Advancing Women’s Rights Globally

This file photo shows Myanmar labourers gathering outside the Mayangone township Labour administration office in Yangon. (AFP Photo)

This year marks the 25th anniversary of the Fourth World Conference on Women in China and the adoption of the Beijing Declaration and Platform for Action 1995. It is deemed the most visionary and comprehensive roadmap for progressing women’s rights globally. 

Yesterday, on the anniversary of the momentous event, more than 170 countries including those in the Asia Pacific region pledged to step up efforts to advance women’s rights during a virtual United Nations (UN) summit. 

“In the coming five years, China will donate another US$10 million to UN Women," President Xi Jinping said in a pre-recorded video, proposing another world meeting on gender equality for 2025.

Despite decades of efforts and introduction of policies, progress on women’s rights remains slow. 

"Everywhere, women's rights are under attack, as are human rights, from which they are inseparable," said French President Emmanuel Macron, referencing the slow progress of the last 25 years.

"Progress achieved by great efforts is being undermined even in our democracies, starting with the freedom for women to control their own bodies, and in particular the right to abortion," he continued, also pointing out inequalities in schooling, pay, domestic work and political representation.

In fact, even at the UN General Assembly this year, there were only a handful of women speakers among the representatives of participating countries.

According to the World Economic Forum (WEF) 2020 Global Gap Report, it would take another 99.6 years before gender parity is achieved. In other words, there remains a 31.4 percent gender gap globally.

ASEAN member states vary when it comes to their gender gap global rankings. The Philippines sits highest at 16th place while Myanmar is lowest at 114th.

WEF Gender Gap 2020
Source: World Economic Forum

COVID-19 Pandemic

The coronavirus crisis has severely affected people from all walks of life – from children, and refugees, to entrepreneurs and policy makers, among others. Nevertheless, as it is with past events, pandemics affect men and women differently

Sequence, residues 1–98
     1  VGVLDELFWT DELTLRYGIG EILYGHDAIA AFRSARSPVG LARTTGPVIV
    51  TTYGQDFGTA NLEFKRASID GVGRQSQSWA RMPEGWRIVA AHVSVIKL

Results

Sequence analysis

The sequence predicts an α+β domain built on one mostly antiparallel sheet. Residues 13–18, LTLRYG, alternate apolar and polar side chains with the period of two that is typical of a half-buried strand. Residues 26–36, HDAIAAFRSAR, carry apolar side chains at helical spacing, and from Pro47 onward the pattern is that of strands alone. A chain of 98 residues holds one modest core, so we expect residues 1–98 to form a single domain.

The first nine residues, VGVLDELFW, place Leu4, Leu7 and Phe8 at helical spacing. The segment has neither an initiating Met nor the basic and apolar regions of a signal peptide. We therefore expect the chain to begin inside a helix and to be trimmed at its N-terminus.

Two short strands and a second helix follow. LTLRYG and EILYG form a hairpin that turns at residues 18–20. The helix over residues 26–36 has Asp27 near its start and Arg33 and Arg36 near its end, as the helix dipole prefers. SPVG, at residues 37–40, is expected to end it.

A policy brief published by the UN titled, “The Impact of COVID-19 on Women” highlights the devastating implications the pandemic has on women and girls.

“The pandemic is deepening pre-existing inequalities, exposing vulnerabilities in social, political and economic systems which are in turn amplifying the impacts of the pandemic,” stated the UN.

From health to the economy, security to social protection, the impacts of the coronavirus are exacerbated for women simply by virtue of their sex. For example, in the case of economic impacts – although everyone has been hit hard, it is especially felt by women and girls who are generally earning less, saving less, and holding insecure jobs or living close to poverty.

Women workers are also over-represented in sectors that have faced mass layoffs amid the pandemic such as domestic work, garment manufacturing, sex work, hospitality and social care.

The UN had also stressed that as the pandemic deepens economic and social stress coupled with social isolation measures, gender-based violence is increasing exponentially.

In an address last August, UN Secretary-General António Guterres said that the global pandemic has already reversed decades of limited and fragile progress on gender equality and women’s rights.

“Without a concerned response, we risk losing a generation or more of gains,” he warned.

But the current pandemic is not the only instance in which a crisis threatens the progress of gender equality. 

International non-governmental organisation (NGO) Human Rights Watch (HRW) noted that outbreaks of disease often have gendered impacts. The Ebola virus outbreak of 2014 and Zika virus in Brazil (2015-2016) had particularly harmful impacts on women and girls and unfortunately reinforced longstanding gender inequity.

In fact, over a hundred years ago, when the Spanish flu emerged in 1918 – it almost derailed plans for women’s suffrage. Suffragists had been fighting for women’s right to vote for 70 years, and then one of the deadliest pandemics struck – infecting one third of the world’s population at the time. Social distancing was in place and rallies were inadvertently cancelled.

Back then, American women campaigning for the right to vote were faced with three main challenges; the wrath of the flu, the then-ongoing World War 1 and those opposed to women’s suffrage. 

“Everything conspires against women suffrage. Now it is the influenza,” a suffragist was quoted as saying in the New Orleans Times-Picayune in 1918. But today, a century has passed since the 19th Amendment was ratified and added to the United States’ Constitution in 1920, thanks to the suffragists’ perseverance. 

The UN noted that several important landmarks were achieved in 2020 with member countries reinforcing their determination to advance women’s priorities and to ensure equal rights and participation in the peace and security agenda, on climate change, on building inclusive economies, and on eliminating the digital divide; so that women have an equal role to play in society.

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